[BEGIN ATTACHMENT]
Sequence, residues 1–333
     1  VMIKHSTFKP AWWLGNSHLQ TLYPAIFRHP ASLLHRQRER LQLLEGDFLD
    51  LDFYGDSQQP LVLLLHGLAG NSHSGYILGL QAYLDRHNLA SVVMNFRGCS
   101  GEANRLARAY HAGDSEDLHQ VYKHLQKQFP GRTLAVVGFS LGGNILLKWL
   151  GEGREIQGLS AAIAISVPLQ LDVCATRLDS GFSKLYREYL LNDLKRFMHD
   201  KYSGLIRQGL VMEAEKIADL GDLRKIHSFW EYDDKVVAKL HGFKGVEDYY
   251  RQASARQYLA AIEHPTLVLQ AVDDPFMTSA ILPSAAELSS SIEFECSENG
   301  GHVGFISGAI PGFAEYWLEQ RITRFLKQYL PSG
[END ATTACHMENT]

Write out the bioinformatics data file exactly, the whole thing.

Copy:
Sequence, residues 1–333
     1  VMIKHSTFKP AWWLGNSHLQ TLYPAIFRHP ASLLHRQRER LQLLEGDFLD
    51  LDFYGDSQQP LVLLLHGLAG NSHSGYILGL QAYLDRHNLA SVVMNFRGCS
   101  GEANRLARAY HAGDSEDLHQ VYKHLQKQFP GRTLAVVGFS LGGNILLKWL
   151  GEGREIQGLS AAIAISVPLQ LDVCATRLDS GFSKLYREYL LNDLKRFMHD
   201  KYSGLIRQGL VMEAEKIADL GDLRKIHSFW EYDDKVVAKL HGFKGVEDYY
   251  RQASARQYLA AIEHPTLVLQ AVDDPFMTSA ILPSAAELSS SIEFECSENG
   301  GHVGFISGAI PGFAEYWLEQ RITRFLKQYL PSG